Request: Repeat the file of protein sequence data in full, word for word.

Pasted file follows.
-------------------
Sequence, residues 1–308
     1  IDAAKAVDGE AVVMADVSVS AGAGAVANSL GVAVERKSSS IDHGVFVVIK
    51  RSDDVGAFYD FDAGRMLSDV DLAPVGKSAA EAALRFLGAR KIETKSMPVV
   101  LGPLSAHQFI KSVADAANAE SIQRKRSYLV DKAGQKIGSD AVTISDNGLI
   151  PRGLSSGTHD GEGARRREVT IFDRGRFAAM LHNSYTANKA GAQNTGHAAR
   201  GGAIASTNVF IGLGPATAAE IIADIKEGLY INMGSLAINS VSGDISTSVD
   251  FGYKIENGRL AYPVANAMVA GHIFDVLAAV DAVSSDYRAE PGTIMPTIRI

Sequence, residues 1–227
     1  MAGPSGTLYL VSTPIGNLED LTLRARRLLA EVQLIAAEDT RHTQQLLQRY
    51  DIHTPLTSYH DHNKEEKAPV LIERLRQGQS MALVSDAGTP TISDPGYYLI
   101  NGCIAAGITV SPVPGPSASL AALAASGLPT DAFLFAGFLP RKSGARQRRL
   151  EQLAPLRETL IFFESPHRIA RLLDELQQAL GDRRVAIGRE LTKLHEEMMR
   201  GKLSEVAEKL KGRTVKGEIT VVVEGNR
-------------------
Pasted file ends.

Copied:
Sequence, residues 1–308
     1  IDAAKAVDGE AVVMADVSVS AGAGAVANSL GVAVERKSSS IDHGVFVVIK
    51  RSDDVGAFYD FDAGRMLSDV DLAPVGKSAA EAALRFLGAR KIETKSMPVV
   101  LGPLSAHQFI KSVADAANAE SIQRKRSYLV DKAGQKIGSD AVTISDNGLI
   151  PRGLSSGTHD GEGARRREVT IFDRGRFAAM LHNSYTANKA GAQNTGHAAR
   201  GGAIASTNVF IGLGPATAAE IIADIKEGLY INMGSLAINS VSGDISTSVD
   251  FGYKIENGRL AYPVANAMVA GHIFDVLAAV DAVSSDYRAE PGTIMPTIRI

Sequence, residues 1–227
     1  MAGPSGTLYL VSTPIGNLED LTLRARRLLA EVQLIAAEDT RHTQQLLQRY
    51  DIHTPLTSYH DHNKEEKAPV LIERLRQGQS MALVSDAGTP TISDPGYYLI
   101  NGCIAAGITV SPVPGPSASL AALAASGLPT DAFLFAGFLP RKSGARQRRL
   151  EQLAPLRETL IFFESPHRIA RLLDELQQAL GDRRVAIGRE LTKLHEEMMR
   201  GKLSEVAEKL KGRTVKGEIT VVVEGNR